If a dad is having a hard time feeling the love for a tiny stranger, there are a couple of things that are likely to help. The first is, don’t beat yourself up about it and remember there isn’t just one way to be a great dad; bonds will form and grow and strain many times over the course of your child’s development. Be patient.

The second is, get to know your baby and put in the time you would to grow any new relationship. Here are some helpful tips on how to do that:

•Spend skin to skin time, what is referred to as “kangaroo care,” with your infant. There are numerous positive benefits to your infant’s health and biological regulation, and the tender moments with that little one on your chest will make sweet memories for you too.
•Start having those heart to hearts with the baby, even when he can’t talk back. Talking to infants stimulates their language development; the more infants hear and connect to the world around them, the better off their vocabulary, social skills, and cognitive development will be. Do this with face to face chats, and narrative play by plays as you go about your day with baby.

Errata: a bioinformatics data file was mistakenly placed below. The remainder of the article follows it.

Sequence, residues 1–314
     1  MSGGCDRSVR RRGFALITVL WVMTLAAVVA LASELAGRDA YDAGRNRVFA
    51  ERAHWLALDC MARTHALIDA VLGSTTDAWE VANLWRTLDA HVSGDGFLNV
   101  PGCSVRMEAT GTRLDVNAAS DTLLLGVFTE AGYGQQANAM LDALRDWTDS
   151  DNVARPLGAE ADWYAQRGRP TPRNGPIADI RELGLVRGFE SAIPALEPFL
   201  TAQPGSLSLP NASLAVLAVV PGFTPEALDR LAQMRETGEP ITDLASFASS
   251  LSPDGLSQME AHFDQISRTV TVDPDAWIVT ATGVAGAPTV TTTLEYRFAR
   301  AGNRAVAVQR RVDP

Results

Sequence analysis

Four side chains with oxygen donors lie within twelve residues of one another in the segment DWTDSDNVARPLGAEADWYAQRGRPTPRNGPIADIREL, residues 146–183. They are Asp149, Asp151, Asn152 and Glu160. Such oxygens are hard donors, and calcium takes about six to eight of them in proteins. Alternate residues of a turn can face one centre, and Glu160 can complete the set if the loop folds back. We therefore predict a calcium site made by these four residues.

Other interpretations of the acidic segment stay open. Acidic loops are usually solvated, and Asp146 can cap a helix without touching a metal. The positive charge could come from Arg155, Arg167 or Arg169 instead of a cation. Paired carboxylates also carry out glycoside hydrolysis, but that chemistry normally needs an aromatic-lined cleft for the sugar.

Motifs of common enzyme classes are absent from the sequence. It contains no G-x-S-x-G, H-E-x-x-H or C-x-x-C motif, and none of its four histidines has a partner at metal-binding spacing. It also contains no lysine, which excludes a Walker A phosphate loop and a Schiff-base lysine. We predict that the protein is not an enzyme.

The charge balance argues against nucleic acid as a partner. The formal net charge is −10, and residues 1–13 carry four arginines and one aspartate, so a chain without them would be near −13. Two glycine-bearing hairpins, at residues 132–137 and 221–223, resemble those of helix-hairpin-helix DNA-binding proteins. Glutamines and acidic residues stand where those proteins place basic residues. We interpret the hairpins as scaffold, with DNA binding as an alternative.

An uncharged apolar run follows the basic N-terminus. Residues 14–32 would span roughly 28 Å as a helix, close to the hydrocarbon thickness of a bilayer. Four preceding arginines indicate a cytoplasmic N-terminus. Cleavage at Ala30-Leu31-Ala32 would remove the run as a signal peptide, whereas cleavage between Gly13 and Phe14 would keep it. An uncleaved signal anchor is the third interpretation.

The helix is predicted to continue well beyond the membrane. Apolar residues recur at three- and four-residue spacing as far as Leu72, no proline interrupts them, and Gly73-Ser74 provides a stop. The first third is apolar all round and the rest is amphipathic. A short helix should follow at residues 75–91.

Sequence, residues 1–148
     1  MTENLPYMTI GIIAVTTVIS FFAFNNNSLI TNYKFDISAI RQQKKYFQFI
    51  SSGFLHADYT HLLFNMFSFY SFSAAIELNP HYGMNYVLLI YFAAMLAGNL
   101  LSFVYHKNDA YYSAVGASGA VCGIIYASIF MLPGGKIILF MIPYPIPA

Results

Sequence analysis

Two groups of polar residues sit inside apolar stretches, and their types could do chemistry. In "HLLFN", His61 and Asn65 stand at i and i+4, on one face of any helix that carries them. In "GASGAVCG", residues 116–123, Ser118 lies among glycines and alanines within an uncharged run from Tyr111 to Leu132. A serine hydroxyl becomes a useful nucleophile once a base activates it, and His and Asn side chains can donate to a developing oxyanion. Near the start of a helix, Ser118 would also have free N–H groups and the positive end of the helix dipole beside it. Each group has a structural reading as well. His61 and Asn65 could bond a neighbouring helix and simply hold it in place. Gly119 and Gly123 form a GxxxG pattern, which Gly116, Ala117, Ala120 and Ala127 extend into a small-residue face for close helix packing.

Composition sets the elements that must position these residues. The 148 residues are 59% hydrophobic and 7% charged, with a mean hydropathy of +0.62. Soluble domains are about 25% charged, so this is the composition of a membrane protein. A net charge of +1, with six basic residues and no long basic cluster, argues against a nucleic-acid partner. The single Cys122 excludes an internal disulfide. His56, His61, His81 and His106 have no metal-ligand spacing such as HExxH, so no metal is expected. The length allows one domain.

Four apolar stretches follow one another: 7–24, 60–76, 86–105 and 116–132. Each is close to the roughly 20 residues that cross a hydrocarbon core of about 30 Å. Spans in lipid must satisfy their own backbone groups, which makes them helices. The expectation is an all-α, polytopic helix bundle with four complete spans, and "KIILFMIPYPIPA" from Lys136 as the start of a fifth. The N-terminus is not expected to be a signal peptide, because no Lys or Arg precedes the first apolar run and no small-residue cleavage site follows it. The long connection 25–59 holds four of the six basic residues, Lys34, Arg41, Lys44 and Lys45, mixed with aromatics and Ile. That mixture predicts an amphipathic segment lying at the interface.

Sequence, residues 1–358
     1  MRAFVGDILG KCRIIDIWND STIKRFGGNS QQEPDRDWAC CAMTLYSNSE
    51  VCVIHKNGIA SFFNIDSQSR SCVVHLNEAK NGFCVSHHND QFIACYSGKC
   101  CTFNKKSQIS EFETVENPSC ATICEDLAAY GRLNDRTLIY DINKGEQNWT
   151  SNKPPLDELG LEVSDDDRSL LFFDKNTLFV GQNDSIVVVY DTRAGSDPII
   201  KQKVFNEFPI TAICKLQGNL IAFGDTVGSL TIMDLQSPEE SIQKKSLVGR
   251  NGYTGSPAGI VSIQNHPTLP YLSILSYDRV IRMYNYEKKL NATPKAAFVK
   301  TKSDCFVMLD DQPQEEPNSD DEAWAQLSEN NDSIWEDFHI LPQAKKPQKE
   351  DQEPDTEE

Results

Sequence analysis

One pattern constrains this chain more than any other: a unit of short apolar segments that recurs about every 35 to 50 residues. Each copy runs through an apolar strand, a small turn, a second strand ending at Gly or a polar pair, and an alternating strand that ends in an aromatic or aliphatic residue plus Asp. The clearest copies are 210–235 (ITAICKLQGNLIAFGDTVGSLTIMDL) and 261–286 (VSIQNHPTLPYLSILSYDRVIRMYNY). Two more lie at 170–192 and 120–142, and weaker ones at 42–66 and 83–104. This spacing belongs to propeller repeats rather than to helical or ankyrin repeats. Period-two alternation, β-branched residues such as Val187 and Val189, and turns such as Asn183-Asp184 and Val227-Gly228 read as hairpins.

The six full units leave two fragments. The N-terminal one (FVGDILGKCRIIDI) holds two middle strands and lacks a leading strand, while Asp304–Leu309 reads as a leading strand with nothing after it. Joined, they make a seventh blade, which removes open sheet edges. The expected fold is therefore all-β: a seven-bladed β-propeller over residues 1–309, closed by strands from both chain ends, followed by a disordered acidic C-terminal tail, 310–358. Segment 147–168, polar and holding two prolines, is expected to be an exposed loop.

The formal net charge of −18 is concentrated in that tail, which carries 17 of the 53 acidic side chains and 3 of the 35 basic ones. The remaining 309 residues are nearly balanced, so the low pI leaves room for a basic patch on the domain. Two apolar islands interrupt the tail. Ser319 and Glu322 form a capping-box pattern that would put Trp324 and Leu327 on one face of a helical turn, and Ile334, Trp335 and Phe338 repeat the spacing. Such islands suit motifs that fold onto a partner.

•Be proactive in asking your partner how you can divide up baby care responsibilities. There is a lot of attention right now on mothers feeling the weight of “mental load” in the family. New parents can try to avoid some of this uneven burden by working out a system for communicating needs and day to day responsibilities. Give yourself room to make your own approach to feeding or playing instead of feeling (or getting the message) that you have to do it just like mom.
•Do something you enjoy and find a way to incorporate your baby. For many dads, quality time can be taking a walk with baby in the carrier and telling him or her about your favorite spots. Maybe you can introduce baby to your love of cooking, or music. Sharing experiences and finding alone time to bond are helpful even when infants cannot yet respond as interactively.
•If it can be done in your family, take on some of the feedings to give your partner a break and let you in on the close contact as your baby eats. If not, try sitting with your partner during some feedings and provide moral support, a neck rub, or extra set of hands.

Bonding sets the stage for a secure attachment, one that is warm and responsive. For both moms and dads (and caregivers in any arrangement), a secure attachment that is formed in the first year or two of development helps promote a worldview for the infant that people can be trusted, the world is a place to explore and enjoy, gives them more confidence, and a host of benefits for social and cognitive development.

NYULMC-2011_2CP_RGB_300dpiFrom the Real Experts at NYU Langone Medical Center: